“I mean look at him,” Xander continued, his eyes narrowing disapprovingly. “He’s all glowery and big.”

Willow giggled behind her hand. She should probably be smacking Xander’s arm, but his crush on Buffy and her total disinterest in him almost made up for her own feelings of inadequate longing. “And he’s old,” Xander added, as if this final piece of information would drive a final nail through the coffin of any potential relationship.

“Yeah, he’s definitely not a high school boy,” Willow agreed.

“I wonder if Buffy’s mother knows she’s seeing a college guy?” Xander pondered.

“She’s not seeing him,” Willow corrected. “She barely knows him.”

Xander settled back on the couch, arms crossed in front of his chest, sullen.

“Remember when you drew the pubic hair on my Barbie?” Willow asked suddenly.

Xander twisted his head to regard his friend with amazement. “You remember that?” he asked.

“Xander, you dork, you used permanent marker!”

“I remember,” he said.

“And remember when we walked back from the park that day and we got lost. You said it was a shortcut, but we were on a street that we didn’t know.”

“That big dog came at us. I remember,” Xander said. “It was on a leash but it scared you so bad you started to cry.”

“You said, ‘Keep holding my hand,’” Willow said, her voice quiet.

“It’s so we don’t get separated,” Xander added.


Xander held out his hand and Willow slipped hers into it, their palms sliding together as they had a hundred times before.

“I have this feeling,” Willow said, “that things are going to get very interesting this year.”

Xander nodded in agreement.

Willow leaned back and rested her head on Xander’s shoulder, breathed in the reassuring smell of her best friend.

She enjoyed a moment of well-being, the peace that came from knowing where you fit in the world, who could be trusted.

“So, what do you think his deal is?” Xander said.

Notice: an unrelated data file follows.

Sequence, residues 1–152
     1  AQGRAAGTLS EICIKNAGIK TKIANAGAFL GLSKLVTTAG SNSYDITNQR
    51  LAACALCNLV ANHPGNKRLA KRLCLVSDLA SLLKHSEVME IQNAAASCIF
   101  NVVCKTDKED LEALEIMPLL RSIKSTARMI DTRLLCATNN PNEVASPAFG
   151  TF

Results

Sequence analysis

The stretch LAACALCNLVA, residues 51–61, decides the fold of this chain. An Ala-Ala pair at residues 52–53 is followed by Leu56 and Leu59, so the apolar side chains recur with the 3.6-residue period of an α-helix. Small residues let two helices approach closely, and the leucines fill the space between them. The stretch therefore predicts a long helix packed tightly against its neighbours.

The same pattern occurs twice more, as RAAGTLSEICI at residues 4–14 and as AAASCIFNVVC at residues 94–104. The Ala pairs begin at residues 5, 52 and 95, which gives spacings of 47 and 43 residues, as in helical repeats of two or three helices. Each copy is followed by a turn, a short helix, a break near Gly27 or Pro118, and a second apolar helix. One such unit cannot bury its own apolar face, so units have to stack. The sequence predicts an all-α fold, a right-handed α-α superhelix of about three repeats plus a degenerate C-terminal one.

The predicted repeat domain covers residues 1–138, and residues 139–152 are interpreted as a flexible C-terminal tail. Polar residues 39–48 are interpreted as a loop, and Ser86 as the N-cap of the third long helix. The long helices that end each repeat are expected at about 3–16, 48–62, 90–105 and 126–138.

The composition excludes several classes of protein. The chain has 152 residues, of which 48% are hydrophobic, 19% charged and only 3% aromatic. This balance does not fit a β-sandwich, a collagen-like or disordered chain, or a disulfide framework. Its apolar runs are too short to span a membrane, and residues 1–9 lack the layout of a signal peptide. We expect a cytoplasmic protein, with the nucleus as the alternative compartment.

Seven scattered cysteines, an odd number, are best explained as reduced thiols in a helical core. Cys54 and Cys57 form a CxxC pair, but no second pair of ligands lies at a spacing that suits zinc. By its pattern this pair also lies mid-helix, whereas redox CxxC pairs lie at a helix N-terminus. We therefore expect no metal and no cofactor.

“Angel?” Willow paused and sought out her friend across the room. Buffy and Angel were sitting side by side on the steps that led up to the Bronze’s balcony. Their shoulders touched and their heads were bent together in conversation.“They’re just friends,” Willow said.

“My ass,” Xander said.

“Come on,” Willow said, standing and pulling Xander to his feet. “Let’s dance.”


Later that night, while she brushed her teeth, it occurred to Willow that her world was expanding.

Now she knew that there really were things that went bump in the night. She knew that there were heroes and villains. She knew that tiny cuts on the thumbs of seven year olds really mattered and that if she held on tight, she wouldn’t have to be alone.

The End

No Doubt "Running"
Running all the time
Running to the future
With you right by my side
I'm the one you chose
Out of all the people
You wanted me the most
I'm so sorry that I'm falling
Help me up lets keep on running
Don't let me fall out of love
Running, running
As fast as we can
I really hope you make it
(Do you think we'll make it?)
We're running
Keep holding my hand
It's so we don't get separated
Be the one I need
Be the one I trust most
Don't stop inspiring me
Sometimes it's hard to keep on running
We work so much to keep it going
Don't make me want to give up